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Semiconductor ‘supercycle’ powers on despite global supply chain shocks

October 6, 2021

Semiconductor ‘supercycle’ powers on despite global supply chain shocks

The shift to digital workplaces has created explosive demand for new electronic devices and badly dented semiconductor supply chains, but analysts doubt these shocks set the industry back.

The shift to digital workplaces has created explosive demand for new electronic devices and badly dented semiconductor supply chains, but analysts doubt these shocks set the industry back.

Even with the current supply shortages, figures from International Data Corporation (IDC) suggest the semiconductor industry is on track to reach US$522 billion in 2021, a year-on-year increase of 12.5%.

The strong growth is being supported by demand for consumer computing, 5G and automotive semiconductors as demand for data and cloud computing services continues to grow.

“Overall, the semiconductor industry remains on track to deliver another strong year of growth as the supercycle that began at the end of 2019 strengthens this year,” IDC program vice president for semiconductors Mario Morales said.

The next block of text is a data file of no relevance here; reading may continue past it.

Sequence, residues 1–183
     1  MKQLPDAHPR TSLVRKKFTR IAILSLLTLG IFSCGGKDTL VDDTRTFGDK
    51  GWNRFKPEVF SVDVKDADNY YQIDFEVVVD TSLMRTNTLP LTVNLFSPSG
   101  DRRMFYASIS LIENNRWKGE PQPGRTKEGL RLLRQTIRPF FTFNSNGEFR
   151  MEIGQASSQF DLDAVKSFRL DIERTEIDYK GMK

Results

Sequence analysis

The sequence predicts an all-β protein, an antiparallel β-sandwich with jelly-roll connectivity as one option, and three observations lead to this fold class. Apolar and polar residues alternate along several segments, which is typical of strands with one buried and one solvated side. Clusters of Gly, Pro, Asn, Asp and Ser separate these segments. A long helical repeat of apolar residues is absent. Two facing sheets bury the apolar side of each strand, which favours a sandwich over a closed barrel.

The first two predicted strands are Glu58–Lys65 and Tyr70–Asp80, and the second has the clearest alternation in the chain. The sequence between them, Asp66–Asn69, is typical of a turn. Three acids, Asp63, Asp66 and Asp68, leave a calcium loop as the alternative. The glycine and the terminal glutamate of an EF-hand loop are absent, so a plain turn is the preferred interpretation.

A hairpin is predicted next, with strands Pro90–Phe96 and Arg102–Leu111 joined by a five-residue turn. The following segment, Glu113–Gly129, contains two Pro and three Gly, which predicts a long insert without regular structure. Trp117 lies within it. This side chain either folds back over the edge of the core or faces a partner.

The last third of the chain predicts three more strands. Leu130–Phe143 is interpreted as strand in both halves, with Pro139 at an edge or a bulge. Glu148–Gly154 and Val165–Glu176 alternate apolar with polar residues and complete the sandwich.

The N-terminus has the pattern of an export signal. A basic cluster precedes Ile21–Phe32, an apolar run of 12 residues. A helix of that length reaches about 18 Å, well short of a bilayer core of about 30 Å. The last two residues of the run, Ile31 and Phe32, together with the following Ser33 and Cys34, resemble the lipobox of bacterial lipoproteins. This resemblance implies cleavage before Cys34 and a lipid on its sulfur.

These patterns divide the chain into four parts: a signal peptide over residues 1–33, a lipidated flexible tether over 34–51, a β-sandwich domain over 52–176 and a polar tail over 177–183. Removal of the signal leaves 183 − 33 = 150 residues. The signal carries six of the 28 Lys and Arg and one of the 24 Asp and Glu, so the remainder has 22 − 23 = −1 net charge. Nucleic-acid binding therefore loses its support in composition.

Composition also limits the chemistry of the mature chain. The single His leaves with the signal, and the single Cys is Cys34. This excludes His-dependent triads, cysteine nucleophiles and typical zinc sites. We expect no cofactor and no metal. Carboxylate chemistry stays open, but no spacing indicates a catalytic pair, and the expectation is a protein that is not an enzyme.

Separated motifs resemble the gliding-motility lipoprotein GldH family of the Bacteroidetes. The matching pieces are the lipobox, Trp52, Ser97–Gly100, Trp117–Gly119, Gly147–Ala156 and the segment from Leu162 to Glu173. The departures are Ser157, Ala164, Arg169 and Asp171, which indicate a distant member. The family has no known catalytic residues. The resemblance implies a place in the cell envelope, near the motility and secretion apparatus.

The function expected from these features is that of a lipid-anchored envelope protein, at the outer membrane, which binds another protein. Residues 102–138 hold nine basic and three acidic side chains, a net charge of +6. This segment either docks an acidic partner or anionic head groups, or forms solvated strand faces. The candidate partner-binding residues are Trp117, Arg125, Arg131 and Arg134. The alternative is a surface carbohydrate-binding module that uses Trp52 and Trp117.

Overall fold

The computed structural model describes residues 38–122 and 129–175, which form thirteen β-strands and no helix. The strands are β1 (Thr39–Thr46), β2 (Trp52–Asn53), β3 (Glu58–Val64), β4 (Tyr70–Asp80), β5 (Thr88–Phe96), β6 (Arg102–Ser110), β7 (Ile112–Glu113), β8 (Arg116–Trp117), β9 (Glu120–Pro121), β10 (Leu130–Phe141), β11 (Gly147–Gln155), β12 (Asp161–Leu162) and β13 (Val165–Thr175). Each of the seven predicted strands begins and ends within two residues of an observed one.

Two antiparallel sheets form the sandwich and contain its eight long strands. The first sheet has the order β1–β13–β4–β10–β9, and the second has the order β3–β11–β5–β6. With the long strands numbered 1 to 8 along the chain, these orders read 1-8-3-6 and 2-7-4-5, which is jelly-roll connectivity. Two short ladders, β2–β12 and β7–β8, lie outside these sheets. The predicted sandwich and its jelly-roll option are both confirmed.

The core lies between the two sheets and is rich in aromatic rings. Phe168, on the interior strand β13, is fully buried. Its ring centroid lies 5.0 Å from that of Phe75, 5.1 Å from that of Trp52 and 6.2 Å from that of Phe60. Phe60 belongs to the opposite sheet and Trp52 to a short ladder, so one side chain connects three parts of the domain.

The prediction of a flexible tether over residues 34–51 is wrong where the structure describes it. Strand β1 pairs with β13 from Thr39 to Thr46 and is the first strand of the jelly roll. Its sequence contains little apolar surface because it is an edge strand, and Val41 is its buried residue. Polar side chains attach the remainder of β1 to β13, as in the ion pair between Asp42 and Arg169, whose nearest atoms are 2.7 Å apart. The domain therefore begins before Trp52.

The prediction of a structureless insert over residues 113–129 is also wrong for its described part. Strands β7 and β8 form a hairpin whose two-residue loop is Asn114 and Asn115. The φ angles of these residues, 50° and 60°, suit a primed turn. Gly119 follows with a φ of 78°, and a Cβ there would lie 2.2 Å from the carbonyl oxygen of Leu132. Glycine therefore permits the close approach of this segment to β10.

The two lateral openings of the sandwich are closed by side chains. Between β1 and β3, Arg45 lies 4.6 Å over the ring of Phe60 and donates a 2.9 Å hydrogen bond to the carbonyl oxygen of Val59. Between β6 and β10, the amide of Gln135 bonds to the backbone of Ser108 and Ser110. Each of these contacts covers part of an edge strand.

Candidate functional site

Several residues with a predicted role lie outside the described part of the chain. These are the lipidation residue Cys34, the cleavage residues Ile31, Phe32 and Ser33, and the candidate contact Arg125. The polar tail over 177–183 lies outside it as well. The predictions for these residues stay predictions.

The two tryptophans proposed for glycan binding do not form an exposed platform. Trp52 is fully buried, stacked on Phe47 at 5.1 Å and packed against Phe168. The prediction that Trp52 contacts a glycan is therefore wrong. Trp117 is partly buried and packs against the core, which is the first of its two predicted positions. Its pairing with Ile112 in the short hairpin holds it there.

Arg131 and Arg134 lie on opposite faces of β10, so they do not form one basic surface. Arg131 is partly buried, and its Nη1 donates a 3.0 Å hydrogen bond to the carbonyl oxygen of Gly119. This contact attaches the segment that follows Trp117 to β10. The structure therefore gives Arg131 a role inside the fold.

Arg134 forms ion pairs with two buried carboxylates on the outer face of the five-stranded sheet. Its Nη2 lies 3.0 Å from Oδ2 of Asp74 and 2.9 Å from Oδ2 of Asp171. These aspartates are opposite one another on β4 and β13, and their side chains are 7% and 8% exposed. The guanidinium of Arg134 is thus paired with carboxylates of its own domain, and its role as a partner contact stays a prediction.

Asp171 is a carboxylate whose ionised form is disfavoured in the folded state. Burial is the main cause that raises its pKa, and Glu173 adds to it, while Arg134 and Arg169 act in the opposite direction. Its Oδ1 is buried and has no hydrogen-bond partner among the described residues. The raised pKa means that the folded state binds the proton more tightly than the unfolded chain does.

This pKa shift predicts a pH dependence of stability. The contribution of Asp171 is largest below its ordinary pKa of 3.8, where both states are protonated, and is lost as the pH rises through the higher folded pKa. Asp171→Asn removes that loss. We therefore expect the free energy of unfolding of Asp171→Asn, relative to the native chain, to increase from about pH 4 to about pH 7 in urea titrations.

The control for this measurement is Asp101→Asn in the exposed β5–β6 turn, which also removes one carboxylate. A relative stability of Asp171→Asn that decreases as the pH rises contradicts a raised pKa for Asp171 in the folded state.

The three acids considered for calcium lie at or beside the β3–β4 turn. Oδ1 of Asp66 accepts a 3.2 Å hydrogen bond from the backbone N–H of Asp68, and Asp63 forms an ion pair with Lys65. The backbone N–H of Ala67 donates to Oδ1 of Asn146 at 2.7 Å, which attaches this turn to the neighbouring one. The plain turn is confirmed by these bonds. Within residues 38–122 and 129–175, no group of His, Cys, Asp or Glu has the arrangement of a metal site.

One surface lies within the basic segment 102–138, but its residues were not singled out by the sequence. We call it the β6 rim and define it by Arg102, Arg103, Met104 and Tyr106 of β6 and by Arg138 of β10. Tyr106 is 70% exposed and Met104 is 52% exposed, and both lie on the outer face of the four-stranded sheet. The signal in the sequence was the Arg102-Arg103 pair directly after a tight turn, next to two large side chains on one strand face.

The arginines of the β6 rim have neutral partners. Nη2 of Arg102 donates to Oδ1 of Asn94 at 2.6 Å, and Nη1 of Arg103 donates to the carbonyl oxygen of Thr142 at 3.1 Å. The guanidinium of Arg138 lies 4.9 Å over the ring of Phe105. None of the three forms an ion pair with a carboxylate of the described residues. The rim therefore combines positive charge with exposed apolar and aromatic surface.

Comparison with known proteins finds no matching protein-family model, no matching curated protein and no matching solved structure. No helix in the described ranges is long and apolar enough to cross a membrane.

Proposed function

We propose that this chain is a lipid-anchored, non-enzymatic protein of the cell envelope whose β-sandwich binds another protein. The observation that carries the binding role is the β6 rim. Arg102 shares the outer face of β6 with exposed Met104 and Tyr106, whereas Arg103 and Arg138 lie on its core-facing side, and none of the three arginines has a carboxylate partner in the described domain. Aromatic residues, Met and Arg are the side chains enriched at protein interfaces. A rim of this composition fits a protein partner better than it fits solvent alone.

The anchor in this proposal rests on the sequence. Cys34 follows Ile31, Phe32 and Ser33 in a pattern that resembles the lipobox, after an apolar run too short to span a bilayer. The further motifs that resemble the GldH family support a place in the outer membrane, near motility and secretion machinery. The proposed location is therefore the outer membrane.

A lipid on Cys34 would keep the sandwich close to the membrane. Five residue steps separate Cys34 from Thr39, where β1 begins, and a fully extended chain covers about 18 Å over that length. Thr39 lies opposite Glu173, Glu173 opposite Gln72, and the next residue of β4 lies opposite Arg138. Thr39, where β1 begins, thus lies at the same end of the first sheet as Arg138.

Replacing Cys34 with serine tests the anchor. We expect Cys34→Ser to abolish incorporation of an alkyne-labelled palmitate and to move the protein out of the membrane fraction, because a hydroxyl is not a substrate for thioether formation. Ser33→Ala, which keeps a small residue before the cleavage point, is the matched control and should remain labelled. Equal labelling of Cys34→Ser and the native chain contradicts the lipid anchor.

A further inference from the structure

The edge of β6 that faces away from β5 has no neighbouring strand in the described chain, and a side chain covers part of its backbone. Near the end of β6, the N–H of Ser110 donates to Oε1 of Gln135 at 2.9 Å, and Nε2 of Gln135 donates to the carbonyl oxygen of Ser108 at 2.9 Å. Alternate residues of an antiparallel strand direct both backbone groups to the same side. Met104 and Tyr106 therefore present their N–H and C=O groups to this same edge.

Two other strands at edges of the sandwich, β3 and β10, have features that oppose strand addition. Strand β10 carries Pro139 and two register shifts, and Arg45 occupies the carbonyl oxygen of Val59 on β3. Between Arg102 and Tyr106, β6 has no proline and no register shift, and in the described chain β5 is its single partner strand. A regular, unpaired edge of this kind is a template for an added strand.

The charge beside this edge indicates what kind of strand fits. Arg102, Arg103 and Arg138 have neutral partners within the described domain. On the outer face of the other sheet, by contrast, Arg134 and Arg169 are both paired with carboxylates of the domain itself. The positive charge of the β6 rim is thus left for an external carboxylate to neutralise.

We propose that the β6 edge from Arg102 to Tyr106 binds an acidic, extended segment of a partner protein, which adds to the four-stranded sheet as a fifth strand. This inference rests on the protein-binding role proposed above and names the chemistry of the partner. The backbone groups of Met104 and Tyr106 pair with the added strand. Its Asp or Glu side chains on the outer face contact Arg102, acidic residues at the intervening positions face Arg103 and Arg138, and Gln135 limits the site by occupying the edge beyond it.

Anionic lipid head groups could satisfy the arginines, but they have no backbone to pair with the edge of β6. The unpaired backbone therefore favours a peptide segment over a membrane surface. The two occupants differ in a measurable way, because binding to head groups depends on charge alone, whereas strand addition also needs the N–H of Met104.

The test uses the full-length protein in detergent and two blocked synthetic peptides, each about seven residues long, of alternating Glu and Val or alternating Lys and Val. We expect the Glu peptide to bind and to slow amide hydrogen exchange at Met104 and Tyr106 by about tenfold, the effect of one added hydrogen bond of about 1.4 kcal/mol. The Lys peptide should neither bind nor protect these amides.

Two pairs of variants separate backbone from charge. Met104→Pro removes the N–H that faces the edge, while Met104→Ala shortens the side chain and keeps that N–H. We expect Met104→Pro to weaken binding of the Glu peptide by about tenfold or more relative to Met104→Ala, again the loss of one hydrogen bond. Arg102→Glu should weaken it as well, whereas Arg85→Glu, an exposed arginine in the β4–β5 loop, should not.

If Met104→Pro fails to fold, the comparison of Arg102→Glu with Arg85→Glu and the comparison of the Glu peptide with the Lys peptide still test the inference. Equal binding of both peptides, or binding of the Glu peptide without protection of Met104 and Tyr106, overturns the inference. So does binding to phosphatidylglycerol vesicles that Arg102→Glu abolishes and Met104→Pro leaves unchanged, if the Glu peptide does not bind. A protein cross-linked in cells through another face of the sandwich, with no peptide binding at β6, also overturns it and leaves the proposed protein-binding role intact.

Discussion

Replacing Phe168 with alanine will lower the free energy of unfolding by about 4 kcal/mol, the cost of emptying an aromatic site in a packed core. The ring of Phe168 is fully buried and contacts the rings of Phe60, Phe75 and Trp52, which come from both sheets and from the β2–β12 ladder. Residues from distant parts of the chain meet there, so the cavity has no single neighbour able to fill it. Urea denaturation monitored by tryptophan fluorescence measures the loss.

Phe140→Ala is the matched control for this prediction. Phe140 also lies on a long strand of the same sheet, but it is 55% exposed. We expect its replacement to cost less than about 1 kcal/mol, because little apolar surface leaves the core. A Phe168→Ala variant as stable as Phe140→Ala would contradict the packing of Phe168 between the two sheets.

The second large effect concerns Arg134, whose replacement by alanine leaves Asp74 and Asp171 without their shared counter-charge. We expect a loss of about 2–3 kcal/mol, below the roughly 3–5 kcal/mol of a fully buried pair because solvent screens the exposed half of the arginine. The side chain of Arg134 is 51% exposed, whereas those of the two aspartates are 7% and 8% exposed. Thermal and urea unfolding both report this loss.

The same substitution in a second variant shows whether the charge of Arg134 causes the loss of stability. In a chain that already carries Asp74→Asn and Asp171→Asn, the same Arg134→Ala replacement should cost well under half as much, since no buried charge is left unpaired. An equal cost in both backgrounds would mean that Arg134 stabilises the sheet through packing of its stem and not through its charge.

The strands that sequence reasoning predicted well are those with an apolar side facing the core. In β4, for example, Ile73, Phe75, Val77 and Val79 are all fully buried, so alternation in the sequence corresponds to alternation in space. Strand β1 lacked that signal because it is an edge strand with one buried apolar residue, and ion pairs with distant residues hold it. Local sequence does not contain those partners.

Separate modelling predicts the industry will continue to grow at a compound annual rate of 7.7%, to hit $778 billion by 2026.,

Supply faces demanding conditions

Although the current shortage is unlikely to derail the semiconductor industry’s growth, it is directly affecting some consumers seeking to purchase goods reliant on the computer chips.

Apple has cautioned iPhone sales could stumble due to supply constraints, and many video game players are being forced to wait for the latest PlayStation as Sony cannot manufacture enough to meet demand.

Unfortunately there’s no quick fix – the shortage is the result of numerous individual challenges compounding on one another over time, starting with the rise of 5G prior to the pandemic.

This was worsened when the US moved to ban the sale of semiconductors to Chinese technology company Huawei, forcing the company to source the components from other countries, absorbing these smaller manufacturers’ spare capacity.

A deadly cold-snap in Texas in February this year forced the closure of some of the US state’s semiconductor foundries too, while a fire at a Japanese factory took even more capacity offline in March.

Bringing new capacity online is also immensely difficult as semiconductor foundries are extremely expensive to build and require heavily trained personnel to operate.

But with new capacity expected to open up in 2022, the shortage is tipped to end next year.

Sources:


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